The Wall Street Journal (Link) - Annalena Lobb & Heidi N. Moore (March 25, 2009)
Finance executives expressed anger and betrayal at Washington's latest anti-Wall Street rhetoric during Tuesday's sessions of the Future of Finance Initiative, a conference hosted by The Wall Street Journal.
The conflict suggested that the lines of communication between government and the private sector remain limited just as government is hoping to expand cooperation with private investors. Those tensions flared over the last week, as the U.S. House passed a bill taxing bonuses by 90% for banks and other companies receiving large government capital injections.
"Washington and Wall Street are the equivalent of Gettysburg and Antietam right now," said Glenn Hutchins, co-chief executive of private-equity firm Silver Lake.
"To point the finger at one group means, No. 1, you're not understanding the problem, two, you're stretching our social fabric thinly, and you're throwing the baby out with the bathwater," Mr. Hutchins noted. "Trust goes both ways."
The divide between Main Street and Wall Street surprised even Arthur Levitt, a former chairman of the Securities and Exchange Commission.
"This is an issue of 'we' and 'they,'" Mr. Levitt said. "Compensation is a part of it, but a symbolic part of it. We are a centrist nation ... We're now shifting to the left pretty far in terms of business-bashing and it has reached extremes of incivility that are intolerable."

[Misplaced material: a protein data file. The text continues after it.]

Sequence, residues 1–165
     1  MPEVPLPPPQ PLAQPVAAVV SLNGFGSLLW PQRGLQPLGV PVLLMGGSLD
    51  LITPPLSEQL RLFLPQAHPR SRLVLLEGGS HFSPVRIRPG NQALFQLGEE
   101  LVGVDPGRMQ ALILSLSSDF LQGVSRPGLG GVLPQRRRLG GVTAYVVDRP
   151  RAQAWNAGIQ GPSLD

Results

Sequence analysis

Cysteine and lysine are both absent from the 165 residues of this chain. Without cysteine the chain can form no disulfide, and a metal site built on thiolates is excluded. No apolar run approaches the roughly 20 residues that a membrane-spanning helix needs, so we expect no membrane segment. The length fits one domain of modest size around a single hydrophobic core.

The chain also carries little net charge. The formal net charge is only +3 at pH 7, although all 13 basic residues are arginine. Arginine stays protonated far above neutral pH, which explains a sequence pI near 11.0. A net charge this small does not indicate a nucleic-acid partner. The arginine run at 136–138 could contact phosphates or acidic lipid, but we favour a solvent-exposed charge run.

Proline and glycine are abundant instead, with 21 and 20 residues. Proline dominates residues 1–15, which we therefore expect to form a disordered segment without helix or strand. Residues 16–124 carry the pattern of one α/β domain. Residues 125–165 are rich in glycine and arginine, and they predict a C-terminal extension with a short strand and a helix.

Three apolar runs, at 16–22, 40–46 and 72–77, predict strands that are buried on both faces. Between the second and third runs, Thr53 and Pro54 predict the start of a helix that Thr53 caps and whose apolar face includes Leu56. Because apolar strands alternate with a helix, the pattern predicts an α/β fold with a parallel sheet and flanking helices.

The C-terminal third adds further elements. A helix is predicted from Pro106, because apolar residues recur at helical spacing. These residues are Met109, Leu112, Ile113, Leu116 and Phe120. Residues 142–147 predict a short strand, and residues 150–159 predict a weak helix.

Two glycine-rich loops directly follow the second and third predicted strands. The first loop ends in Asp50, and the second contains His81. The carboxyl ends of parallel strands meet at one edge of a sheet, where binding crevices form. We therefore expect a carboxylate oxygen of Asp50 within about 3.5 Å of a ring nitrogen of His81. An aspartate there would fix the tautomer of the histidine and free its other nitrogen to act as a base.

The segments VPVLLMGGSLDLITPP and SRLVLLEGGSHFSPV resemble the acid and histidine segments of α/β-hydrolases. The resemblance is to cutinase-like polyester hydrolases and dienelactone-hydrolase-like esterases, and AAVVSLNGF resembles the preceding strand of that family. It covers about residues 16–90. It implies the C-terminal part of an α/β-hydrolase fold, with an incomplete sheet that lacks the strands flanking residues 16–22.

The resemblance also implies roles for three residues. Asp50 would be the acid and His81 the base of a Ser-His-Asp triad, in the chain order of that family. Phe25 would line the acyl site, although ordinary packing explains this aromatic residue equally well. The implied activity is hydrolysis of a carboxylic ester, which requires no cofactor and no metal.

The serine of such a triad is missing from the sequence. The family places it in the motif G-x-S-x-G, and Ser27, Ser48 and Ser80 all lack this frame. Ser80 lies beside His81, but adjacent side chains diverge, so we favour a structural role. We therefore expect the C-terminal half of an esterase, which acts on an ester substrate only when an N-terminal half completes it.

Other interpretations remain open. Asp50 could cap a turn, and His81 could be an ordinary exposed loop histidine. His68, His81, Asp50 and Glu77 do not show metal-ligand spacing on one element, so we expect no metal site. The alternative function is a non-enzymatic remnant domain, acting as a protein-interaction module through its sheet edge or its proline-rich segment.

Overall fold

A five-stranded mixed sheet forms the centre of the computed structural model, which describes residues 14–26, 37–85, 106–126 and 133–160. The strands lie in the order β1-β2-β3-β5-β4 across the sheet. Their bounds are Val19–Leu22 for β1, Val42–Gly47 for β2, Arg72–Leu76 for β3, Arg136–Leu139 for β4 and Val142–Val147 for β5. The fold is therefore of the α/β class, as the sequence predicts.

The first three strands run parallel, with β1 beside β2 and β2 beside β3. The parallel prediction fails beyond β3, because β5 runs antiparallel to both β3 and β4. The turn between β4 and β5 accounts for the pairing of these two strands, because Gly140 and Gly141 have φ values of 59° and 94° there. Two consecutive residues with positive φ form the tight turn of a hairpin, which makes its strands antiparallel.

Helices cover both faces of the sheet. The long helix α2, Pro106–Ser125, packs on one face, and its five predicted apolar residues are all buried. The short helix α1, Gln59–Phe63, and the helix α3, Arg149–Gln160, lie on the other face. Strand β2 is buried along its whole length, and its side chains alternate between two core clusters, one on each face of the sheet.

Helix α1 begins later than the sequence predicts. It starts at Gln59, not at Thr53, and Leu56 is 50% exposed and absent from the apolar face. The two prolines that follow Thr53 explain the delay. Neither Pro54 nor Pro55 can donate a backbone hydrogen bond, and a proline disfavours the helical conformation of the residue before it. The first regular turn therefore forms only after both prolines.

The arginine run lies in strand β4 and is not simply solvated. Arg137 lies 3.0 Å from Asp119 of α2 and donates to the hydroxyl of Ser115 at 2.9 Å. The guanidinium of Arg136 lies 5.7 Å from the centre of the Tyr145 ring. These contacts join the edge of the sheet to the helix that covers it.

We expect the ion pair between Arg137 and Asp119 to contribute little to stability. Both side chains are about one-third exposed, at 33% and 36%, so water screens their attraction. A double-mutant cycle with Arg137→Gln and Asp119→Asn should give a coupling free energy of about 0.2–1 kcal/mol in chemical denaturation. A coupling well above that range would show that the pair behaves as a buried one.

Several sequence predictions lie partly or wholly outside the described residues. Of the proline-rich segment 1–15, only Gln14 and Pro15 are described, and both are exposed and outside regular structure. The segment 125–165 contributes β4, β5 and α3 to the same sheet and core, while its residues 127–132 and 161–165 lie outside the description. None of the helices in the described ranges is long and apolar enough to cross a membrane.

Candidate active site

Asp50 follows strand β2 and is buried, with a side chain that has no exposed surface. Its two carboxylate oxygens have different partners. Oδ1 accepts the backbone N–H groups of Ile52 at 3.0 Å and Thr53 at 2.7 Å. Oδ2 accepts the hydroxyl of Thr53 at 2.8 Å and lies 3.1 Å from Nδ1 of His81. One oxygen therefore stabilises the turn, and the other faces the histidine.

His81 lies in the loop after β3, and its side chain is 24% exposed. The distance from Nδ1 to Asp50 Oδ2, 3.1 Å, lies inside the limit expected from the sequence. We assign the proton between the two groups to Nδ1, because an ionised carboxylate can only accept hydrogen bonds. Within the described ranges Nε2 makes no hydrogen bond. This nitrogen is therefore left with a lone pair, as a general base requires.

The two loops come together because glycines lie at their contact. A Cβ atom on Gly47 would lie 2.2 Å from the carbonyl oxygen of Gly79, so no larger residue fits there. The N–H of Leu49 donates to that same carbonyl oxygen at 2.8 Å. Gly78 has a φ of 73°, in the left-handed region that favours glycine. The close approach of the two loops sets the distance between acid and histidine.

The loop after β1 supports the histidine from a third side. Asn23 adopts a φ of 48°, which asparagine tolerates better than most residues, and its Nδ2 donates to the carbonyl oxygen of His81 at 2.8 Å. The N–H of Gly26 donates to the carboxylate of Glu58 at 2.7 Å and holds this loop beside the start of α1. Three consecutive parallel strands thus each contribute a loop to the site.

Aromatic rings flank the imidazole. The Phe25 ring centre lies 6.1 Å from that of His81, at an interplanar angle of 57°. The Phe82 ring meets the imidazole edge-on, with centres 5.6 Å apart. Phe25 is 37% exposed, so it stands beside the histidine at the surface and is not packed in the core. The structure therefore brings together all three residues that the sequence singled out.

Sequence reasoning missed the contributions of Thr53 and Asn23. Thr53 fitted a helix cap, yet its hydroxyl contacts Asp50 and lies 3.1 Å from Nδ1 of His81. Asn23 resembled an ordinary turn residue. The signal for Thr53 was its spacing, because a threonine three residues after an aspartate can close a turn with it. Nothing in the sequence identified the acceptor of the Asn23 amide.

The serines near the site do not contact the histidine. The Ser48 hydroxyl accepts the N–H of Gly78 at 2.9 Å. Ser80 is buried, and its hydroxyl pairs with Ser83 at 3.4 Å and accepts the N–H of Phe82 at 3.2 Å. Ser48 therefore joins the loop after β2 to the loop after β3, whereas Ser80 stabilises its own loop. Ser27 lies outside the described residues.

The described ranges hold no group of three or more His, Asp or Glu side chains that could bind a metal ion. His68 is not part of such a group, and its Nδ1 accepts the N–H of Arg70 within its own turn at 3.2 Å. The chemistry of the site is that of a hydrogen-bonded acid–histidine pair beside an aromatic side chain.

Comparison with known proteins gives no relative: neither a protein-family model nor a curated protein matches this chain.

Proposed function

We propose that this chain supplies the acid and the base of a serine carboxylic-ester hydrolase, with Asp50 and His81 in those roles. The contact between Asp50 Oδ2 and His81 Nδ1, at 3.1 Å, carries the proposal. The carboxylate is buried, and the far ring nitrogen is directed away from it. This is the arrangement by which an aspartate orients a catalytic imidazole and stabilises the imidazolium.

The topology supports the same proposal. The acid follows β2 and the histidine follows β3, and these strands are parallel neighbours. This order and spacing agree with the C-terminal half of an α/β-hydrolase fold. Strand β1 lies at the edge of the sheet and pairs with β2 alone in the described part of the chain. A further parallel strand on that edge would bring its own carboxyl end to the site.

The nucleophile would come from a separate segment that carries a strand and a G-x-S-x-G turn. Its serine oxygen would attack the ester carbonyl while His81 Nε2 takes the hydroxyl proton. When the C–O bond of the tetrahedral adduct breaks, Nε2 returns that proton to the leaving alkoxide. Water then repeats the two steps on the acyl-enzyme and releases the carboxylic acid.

Meanwhile, President Obama plans to meet Friday with about a dozen of the U.S.'s top banking chiefs in an unusual gathering designed to discuss the administration's plans to shore up the financial sector.
Attendees are expected to include Goldman Sachs Group Inc., J.P. Morgan Chase & Co. and Citigroup Inc.
At the conference, Goldman's president and co-chief operating officer Gary Cohn spoke in support of his firm and its investment-banking focus. Mr. Cohn said that profitability is still possible for investment banks.
"Wall Street is alive and well," Mr. Cohn said.
Asked if Goldman Sachs would be the first financial institution to return funds granted by the Treasury's Troubled Asset Relief Program, Mr. Cohn said he didn't know, adding that he couldn't speak for the other banks that had accepted TARP money. He also said he would be surprised if any institution repaid TARP funds "until ... stress tests and first-quarter earnings are out of the way."
Mr. Cohn also said Goldman wouldn't have lost money had insurer American International Group been allowed to fail. He said the firm's greatest exposure at any one time was about $2.5 billion and that Goldman's credit-default swaps and collateral would have covered those sums in the event of default. "We would have been 100% fine," he said.
Fund manager George Soros dismissed many of the proposals discussed at the conference as "tinkering." Mr. Soros sought a thorough overhaul of regulation of the markets. "The idea that the markets are self-correcting has been proven false. ... The market, rather than reflecting the underlying reality, is always distorting it."
Paul Volcker, former Federal Reserve chairman, spoke for many of the attendees when he acknowledged that "we're in a government-dependent financial system; I never thought I'd see the day."